Dharamsala is home to the Dali Lama.  He was speaking the morning that I arrived.  Due to my fatigue after traveling overnight by deluxe bus, I chose to nap instead of attend.  If I dwelled on hindsight, I’d regret not attending.  Regardless, I’m indifferent as to whether I see a famous person or not.

I had no idea that the McLeod Ganj was so touristy.  The whole set up seemed to be  geared towards it.  Some westerners stay for weeks, even months.

The cosmopolitan mix provokes a nice vibe.  Dharamsala is a Tibetan refugee town.  There are people from all over India, relocating here in the hopes of making a living off of tourism.  There are tourists from all over the subcontinent and the world.

When Ravi of Rajistan asked if I wanted my shoes cleaned, I quickly accepted.  He ended up rethreading my shoes, insisting that they’d be waterproof and would last much longer.  He did an amazing job.   He explained that the trade had been in his family for generations.  He also told me that he lives in a tent.

 I stayed in McLeod Ganj for three days and three nights.

Amristar has a population of over a million people.  It’s your functional yet chaotic and typical, mobbed Indian city.

Amritsar is also home to the spectacular Golden Temple.  The grounds are vast.  People come from all over the land to admire and pray on stellar, sacred grounds.  I enjoyed people watching and listening to music that played over what had to be thousands of speakers.  There was a live band generating the energetic and spiritual tunes.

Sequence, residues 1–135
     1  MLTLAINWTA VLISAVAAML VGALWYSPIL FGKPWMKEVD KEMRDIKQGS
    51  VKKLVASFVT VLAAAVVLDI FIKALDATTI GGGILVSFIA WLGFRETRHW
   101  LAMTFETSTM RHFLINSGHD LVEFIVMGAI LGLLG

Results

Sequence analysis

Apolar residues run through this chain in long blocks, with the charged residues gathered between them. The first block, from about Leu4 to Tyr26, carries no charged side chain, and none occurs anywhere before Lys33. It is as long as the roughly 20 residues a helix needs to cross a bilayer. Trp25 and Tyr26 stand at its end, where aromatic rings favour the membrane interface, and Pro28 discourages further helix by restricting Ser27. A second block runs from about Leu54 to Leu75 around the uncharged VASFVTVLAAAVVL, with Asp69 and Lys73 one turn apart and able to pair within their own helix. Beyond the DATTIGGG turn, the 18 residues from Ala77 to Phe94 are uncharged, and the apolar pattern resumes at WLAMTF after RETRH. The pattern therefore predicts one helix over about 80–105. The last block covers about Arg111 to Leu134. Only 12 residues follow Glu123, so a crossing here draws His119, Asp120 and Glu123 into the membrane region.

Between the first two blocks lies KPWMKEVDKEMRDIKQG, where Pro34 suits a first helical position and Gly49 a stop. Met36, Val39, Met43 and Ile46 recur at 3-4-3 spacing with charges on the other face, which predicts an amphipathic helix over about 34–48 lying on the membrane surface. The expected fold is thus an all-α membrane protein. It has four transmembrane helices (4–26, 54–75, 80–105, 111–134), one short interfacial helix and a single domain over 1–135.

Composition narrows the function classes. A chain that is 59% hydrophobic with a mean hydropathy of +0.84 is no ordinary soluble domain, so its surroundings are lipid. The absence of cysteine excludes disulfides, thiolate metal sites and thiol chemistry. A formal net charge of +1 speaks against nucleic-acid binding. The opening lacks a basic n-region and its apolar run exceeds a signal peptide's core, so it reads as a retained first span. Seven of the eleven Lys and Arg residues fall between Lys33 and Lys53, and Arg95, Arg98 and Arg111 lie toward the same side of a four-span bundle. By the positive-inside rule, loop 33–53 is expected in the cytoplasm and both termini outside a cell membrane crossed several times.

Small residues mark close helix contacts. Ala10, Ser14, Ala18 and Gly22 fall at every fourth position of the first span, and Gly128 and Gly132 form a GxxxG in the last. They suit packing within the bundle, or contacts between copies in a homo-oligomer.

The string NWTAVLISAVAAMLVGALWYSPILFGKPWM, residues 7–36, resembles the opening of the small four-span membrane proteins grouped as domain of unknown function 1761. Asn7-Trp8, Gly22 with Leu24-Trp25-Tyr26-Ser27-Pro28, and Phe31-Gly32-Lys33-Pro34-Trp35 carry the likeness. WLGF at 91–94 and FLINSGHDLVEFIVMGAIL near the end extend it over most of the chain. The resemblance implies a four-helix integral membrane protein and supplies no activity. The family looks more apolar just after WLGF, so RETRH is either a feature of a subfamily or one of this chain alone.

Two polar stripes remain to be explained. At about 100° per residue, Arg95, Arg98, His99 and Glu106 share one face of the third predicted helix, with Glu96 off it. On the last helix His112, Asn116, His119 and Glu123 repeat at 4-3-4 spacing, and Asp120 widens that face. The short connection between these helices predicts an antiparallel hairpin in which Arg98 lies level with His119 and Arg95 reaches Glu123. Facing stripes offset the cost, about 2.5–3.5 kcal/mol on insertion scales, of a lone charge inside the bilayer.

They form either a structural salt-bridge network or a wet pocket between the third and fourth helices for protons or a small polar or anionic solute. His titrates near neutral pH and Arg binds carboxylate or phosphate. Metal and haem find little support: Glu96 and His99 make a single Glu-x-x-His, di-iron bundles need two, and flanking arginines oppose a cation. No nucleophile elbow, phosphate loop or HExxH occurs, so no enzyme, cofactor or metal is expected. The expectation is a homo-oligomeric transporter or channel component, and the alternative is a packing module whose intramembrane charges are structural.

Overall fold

I didn’t take in the golden temple for as long as I would have liked because I erroneously felt that I had to go to Attari on the Pakistani border to see the changing of the guards ceremony that’s held every day before sunset.  It’s a ridiculously huge tourist attraction.  It was hardly worth the 30km auto (motorized rickshaw) trek out there from Amritsar.

The place was so mobbed that you couldn’t see a thing. Sweaty men were harmlessly pushing and shoving to get forward.  I couldn’t see anything.  I deemed: Don’t always feel like you have to see these tourist attractions just because people and guidebooks recommend them.  Then again, I was there last Saturday when many Indian people were still on vacation.   Maybe it was crowded because it was vacation time.  Maybe it was packed because it was a weekend.  Or maybe there were so many people because India’s population’s huge.

I spent about 22 hours in Amritsar.  My original goal was to spend 48.  However, I had three options, take a bus whenever, get a train out on Wednesday or get a train out on Sunday.  I opted for a train on Sunday.

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Here are a few more pics from the above pit stops. 



2 responses to this post.

  1. KIRSTY: Thanks! I went back to the Golden Temple the next morning and couldn’t believe how packed it was, but I was able to relax and take it all in after a good night sleep. I’d wholeheartedly recommend that attraction to anyone. For Amritsar, one amazing place and one mediocre at best. The highlight of Attari for me was the pic: Pakistani Border 1km 🙂


  2. Posted by grownupgapyarinindia on July 12, 2011 at 06:11

    Hahaha I couldn’t agree more about the India-Pakistan border pantomime. 3 hours of our lives we’ll never get back! Fun to meet you there though and best of luck on the rest of your adventures 🙂 Kirsty